Dirty Dozen Brass Band & Pimps of Joytime, with Rare Monk
To describe how the Dirty Dozen Brass Band has arrived at its 35th Anniversary, trumpet player Gregory Davis employs a tried-and true New Orleans-centric analogy: "It ends up being like a pot of gumbo you drop in a little okra, drop in a little shrimp, you drop in some crabs. Before you know it, you've mixed in all these different ingredients and you've got a beautiful soup. That was our approach to music early on and it still is today."
Baritone sax player Roger Lewis -- who, like Davis, has been with the combo since its inception in 1977 -- echoes that sentiment: "It's a big old musical gumbo, and that probably made the difference, separating us from other brass bands out of New Orleans. It put a different twist on the music. We were not trying to change anything, we were just playing the music we wanted to play and not stay in one particular bag."
An appetite for musicological adventure, a commitment to honor tradition while not being constrained by it, and a healthy sense of humor have brought the world-traveling Dirty Dozen Brass Band to this remarkable juncture in an already storied career. To celebrate its 35th, the band is releasing Twenty Dozen, the septet's first studio release in six years. The new album, cut at the Music Shed in New Orleans, reunites the band with producer Scott Billington, who helmed DDBB's first major-label release, Voodoo, in 1989. It's a resolutely upbeat effort that seamlessly blends R&B, jazz, funk, Afro-Latino grooves, some Caribbean flavor, and even a Rihanna cover. Twenty Dozen mirrors in flow and feel a vibrant DDBB live set. The disc reaches an exuberant peak with a medley of New Orleans staples, including a particularly high-spirited rendering of "When the Saints Go Marching In." The final track or, as Lewis puts it, "the after-party" is an audience encore favorite, the ribald "Dirty Old Man," with Lewis doing an outstanding job in the title role. Twenty Dozen, says Lewis, is "classic Dirty Dozen. It's got something for your mind, body, and soul. We're gonna get you one way or another."
Pimps of Joytime
If you have yet to encounter the Brooklyn-based band, The Pimps of Joytime, prepare to take a funky ride! The PJT's live events and recordings have captivated fans all across the country, as they have begun writing their own success story, show by show, and track by track.
Bandleader Brian J is a charismatic and soulful visionary, whose well-crafted songs invite the listener to enter a world of infectious dance grooves and indelible melodies. Spending formative years in New York City, New Orleans and Los Angeles, Mista J honed his craft, becoming an accomplished live performer, multi-instrumentalist and producer.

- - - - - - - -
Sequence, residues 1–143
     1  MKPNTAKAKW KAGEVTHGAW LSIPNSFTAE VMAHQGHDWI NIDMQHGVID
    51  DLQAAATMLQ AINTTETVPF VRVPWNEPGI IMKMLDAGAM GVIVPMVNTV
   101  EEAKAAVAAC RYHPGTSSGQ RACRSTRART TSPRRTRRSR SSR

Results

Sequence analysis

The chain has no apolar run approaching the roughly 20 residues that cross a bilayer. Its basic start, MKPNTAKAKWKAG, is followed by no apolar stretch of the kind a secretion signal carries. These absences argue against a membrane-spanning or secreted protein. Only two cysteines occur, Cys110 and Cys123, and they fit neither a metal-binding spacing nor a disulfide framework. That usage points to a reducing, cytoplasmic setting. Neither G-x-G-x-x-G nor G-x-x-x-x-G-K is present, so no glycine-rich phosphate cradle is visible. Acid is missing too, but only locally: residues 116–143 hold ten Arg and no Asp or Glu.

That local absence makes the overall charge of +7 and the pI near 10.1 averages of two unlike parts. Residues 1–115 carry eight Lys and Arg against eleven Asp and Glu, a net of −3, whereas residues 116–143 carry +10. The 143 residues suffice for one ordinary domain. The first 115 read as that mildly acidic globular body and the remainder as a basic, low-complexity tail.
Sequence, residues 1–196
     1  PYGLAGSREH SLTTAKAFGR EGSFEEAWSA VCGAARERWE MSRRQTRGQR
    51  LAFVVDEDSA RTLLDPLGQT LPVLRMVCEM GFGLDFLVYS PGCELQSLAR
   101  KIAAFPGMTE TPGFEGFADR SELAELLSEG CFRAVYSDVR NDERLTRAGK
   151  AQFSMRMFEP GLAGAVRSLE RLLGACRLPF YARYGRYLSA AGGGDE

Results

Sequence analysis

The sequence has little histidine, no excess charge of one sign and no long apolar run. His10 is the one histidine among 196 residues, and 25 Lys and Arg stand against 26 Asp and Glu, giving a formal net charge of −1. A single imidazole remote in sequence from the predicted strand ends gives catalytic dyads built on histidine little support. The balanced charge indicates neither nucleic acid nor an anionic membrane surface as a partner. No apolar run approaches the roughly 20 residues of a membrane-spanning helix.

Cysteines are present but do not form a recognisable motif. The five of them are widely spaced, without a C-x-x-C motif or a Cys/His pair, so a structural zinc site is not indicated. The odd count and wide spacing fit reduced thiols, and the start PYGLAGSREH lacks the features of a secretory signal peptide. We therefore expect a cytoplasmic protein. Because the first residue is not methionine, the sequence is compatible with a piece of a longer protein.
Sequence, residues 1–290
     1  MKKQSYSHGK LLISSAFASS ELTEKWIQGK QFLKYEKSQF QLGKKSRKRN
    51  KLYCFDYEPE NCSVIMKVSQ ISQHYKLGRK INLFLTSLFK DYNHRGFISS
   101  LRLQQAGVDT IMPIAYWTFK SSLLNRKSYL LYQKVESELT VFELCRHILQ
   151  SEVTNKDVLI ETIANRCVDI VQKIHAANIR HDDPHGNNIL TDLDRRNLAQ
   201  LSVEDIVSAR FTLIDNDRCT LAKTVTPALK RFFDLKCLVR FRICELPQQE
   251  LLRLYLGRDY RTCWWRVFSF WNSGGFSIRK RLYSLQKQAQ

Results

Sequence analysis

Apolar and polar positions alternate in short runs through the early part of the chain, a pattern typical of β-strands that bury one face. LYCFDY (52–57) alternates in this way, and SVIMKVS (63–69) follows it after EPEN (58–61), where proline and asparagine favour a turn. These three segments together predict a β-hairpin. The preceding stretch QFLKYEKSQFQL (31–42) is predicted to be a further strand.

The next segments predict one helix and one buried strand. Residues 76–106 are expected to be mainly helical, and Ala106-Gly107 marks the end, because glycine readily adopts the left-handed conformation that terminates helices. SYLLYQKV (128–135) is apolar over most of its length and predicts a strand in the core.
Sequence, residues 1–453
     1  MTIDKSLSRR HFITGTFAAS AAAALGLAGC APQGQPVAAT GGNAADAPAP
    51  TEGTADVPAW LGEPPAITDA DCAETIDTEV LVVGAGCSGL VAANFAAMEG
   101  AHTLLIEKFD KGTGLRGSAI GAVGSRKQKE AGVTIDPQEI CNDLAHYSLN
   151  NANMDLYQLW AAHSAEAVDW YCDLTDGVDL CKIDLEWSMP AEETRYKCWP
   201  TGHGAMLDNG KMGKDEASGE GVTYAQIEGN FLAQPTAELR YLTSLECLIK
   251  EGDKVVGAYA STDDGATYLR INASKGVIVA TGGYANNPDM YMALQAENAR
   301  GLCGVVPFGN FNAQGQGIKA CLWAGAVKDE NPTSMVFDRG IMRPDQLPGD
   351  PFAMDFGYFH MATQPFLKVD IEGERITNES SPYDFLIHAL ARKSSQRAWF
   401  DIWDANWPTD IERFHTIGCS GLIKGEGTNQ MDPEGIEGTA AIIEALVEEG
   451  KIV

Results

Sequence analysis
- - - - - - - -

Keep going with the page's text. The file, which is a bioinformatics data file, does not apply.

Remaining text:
In 2005, Brian began to assemble a group of righteously soulful vocalists and musicians to assist in bringing to life the musical concept that would become The Pimps of Joytime. The band's diverse sound and spirited attitude is strongly influenced by the Brooklyn DJ culture and live music scene from which they emerge. Recent collaborations with legendary artists Cyril and Art Neville of the Neville Brothers and Roy Ayers have helped vitalize the band's connection to its roots.
Over the course of the past four years, The Pimps have evolved into a road tested and audience approved groove machine. They have excited crowds at over 100 club dates and festivals in 2009 alone, and are on target to exceed that volume in 2010. The exponential growth of the band's fan base can be partially attributed to an artful blend of musical styles, including elements of afrobeat, salsa, rock & roll and electronica. Brian J's classic songwriting and the band's undeniable swagger on stage consistently energizes dance parties wherever they appear.
Rare Monk is a collective of five local musicians that have been playing in and around Eugene and Portland for the past two years. With a sound that has continued to evolve since the band's formation, their repertoire combines elements of pop, rock, psych, jazz, and funk in a unique, cohesive synthesis. In 2009, Rare Monk won the KWVA Battle of the Bands and has since performed a number a shows including the 2009 Eugene Celebration, 2010 Bike Music Fest, and the 2010 Whiteaker Block Party. The group just recently finished up their first EP, Falconer's Folly, and plans to return to the studio as soon as possible.
Bob White Theatre (View)
6423 SE Foster Road 97206
Portland, OR 97206
|Minimum Age: 21|
|Wheelchair Accessible: Yes!|